Saturday, March 20, 2010

Digging up an old one



Barry Mahon is the focus of our post today. Well, not him so much as one of his movies. Mahon is the purveyor of a large number of cheesy/sleazy movies early on in his career, like The Beast That Killed Women and Rocket Attack USA and Juke Box Racket. Later in his career, he did movies for kids, like Thumbelina and Jack And The Beanstalk and a seriously deranged classic called Santa And The Ice Cream Bunny. Yeah. Try finding that one cheap on Ebay...ain't gonna happen. We are all hoping for a special edition DVD or Blu-ray.

The movie we are looking at today is called Blood Of The Zombie, also known as The Dead One. Media Blasters, under their imprint Shriek Show, has released what could possibly be the best copy ever seen. It has the original trailer under the title of The Dead One, and it looks like like it was released just last week, and it is in anamorphic wide-screen. It is very much a case of polishing a turd. An interesting turd, but a turd nonetheless.

The basic story is voodoo hijinks mixed with the age-old inheritance thriller. It has all the trappings of a gothic romance. Not the classical Gothic literature, but the more recent trash of young virginal type entering into a new life where she is unwanted. Unfortunately, they missed the mark and instead focused on the husband. What a shame! This could have been more fun as a cheap paperback-style movie.

Music PR/manager type guy John Carlton, played by John McKay, is set inherit the family plantation when he marries, which he does at the beginning of the movie. Ah, but Mahon knows his audience is the drive-in crowd, and he doesn't do a slow build up to the fun and games. No, sir. He starts with John's deranged cousin, Monica (played by Monica Davis (I guess they were such bad actors that they couldn't have characters with different names)), summoning her dead brother Jonas to make sure the new bride doesn't live long enough for John to gain possession of the property. The zombie looks a bit jaundiced, with his yellow skin and off-kilter walk.

Cut to the end of the marriage. They have to play a bit of the standard Wedding March just so you know it is a wedding. The fact the bride is in a white wedding dress and tosses her bouquet isn't clue enough, I guess. So, after the wedding scene, our leading man drags his new bride through Bourbon Street so he can do business. The weirdest scene takes place when another woman of unclear heritage named Lacey sits with them while listening to the jazz stylings of one of John's clients. The new wife Linda, played by Linda Ormond (again with the name thing), eyes the new woman like a hungry dog looks at a piece of raw meat. Awkwardness abounds when John introduces them and the wife asks, "Are you a friend of John's?" and Lacey responds with, "Who wasn't?" Our sweet, bewildered young bride has married a man-slut. He then takes her to a club where women do cheesy sexy dancing right behind the bar. I'm guessing times were a little different than Leave It To Beaver would have us believe.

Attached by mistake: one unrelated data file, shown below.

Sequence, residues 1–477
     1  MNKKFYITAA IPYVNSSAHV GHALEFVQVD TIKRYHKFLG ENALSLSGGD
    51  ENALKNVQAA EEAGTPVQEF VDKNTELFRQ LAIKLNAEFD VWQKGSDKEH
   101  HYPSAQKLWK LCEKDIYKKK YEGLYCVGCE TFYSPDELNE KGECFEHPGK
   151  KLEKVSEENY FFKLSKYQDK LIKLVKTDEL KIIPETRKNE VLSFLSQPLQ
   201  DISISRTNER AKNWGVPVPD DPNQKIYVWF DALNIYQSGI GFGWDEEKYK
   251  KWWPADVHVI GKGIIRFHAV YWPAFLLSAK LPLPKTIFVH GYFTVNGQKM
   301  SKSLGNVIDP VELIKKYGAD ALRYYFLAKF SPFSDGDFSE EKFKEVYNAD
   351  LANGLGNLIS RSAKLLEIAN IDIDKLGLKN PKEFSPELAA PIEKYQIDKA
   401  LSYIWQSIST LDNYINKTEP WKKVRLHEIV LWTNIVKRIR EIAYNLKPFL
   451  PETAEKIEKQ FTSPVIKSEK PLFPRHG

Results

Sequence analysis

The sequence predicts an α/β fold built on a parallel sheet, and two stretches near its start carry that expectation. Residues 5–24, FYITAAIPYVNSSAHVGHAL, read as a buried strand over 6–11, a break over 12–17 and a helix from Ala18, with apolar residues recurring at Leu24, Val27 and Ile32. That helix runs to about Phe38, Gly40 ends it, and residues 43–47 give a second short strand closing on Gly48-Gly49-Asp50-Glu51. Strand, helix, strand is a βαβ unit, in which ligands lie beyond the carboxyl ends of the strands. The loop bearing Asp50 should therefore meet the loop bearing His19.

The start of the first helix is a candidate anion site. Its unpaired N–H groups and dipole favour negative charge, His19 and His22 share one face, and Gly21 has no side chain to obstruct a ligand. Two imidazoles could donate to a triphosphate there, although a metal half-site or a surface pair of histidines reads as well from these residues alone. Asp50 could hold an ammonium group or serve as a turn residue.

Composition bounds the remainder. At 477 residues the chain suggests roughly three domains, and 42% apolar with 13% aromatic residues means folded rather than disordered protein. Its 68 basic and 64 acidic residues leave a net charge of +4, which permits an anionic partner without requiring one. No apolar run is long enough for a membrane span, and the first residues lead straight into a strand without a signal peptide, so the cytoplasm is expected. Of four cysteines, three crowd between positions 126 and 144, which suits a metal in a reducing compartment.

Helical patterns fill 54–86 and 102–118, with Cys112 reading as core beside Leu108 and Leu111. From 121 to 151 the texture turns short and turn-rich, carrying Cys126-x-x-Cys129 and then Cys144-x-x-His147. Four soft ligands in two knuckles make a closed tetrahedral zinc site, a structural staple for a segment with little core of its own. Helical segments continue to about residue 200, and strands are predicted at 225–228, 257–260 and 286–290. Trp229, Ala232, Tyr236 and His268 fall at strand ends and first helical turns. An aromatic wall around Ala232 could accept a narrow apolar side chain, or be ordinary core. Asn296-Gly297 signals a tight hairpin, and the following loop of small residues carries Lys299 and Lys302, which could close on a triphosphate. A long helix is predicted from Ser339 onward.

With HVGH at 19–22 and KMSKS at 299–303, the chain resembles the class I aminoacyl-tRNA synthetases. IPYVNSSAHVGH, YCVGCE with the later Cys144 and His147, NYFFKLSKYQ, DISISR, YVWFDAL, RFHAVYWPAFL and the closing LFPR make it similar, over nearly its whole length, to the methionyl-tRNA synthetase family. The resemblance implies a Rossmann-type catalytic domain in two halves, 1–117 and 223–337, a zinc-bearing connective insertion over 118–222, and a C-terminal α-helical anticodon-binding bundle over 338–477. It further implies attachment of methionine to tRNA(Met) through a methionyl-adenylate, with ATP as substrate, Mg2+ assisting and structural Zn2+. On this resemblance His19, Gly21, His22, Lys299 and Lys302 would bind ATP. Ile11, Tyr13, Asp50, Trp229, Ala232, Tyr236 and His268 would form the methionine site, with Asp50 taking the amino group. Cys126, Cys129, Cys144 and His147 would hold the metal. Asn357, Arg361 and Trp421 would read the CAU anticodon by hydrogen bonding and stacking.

On to the family plantation where cousin Monica makes it clear she isn't happy with losing control of the property to John. Even though she has put a supernatural hit out on John new wife, Linda makes herself so sweet and charming that the cousin, in a rare bit of possible real acting, seems put off of her hatred of the interloper.

During a long-running set of scenes that allow exposition, we find out that Monica's brother and Monica got involved in voodoo together and when Jonas blew off the Creole woman who loved him so he could marry a big-money white woman, he wasted away due to a voodoo curse. You'd think Monica would have a little resentment towards the voodoo heritage that killed her brother. but then you aren't really looking for brains in this movie, are you? Well, I mean, other than brains splattered on a wall. Which you don't get, just so you know.

John is even a nice guy about things. He offers to let his cousin stay on as the grande dame of the plantation, but she throws a fit. A little fluff-muffin the newlyweds picked up when her car broke down on their wedding night pops up here and there, mainly to predict people's obsession with solitaire (though most people are addicted to the Microsoft version) as she keeps playing it off and on through the film.

Of course, zombie and voodoo fun and games commence when cousin Monica decides to snuff out the only threat to her claim to the plantation. Where else will you see a zombie thwarted by a bed?

Yes, this is a turkey. Online, you will see it compared to the interest level of dust, but I liked it. It is a silly bit of fluff that moves at a brisk enough pace and is brain-dead enough to keep your head shaking long enough to keep you awake. The ending will have you wondering about how the cops handle crimes back in the early 60s. But it was a nice touch having an African-American cop in the New Orleans area at that time. It shows some lovely progressive thinking on Mahon's part.

Worth checking out, especially if you can scoop it up on Amazon for under 10 bucks, which, at the time of this review, you could definitely do. Happy oddity from the days before the nihilist concepts started altering the world of zombies we now know. Plus, you get a bonus film not even mentioned on the packaging, but I must warn that it seems to be cobbled together from various elements the filmmakers had left waiting for post-production. Still, there is a rather lovely and bloody beheading.

Here is the trailer for those inclined to check it out.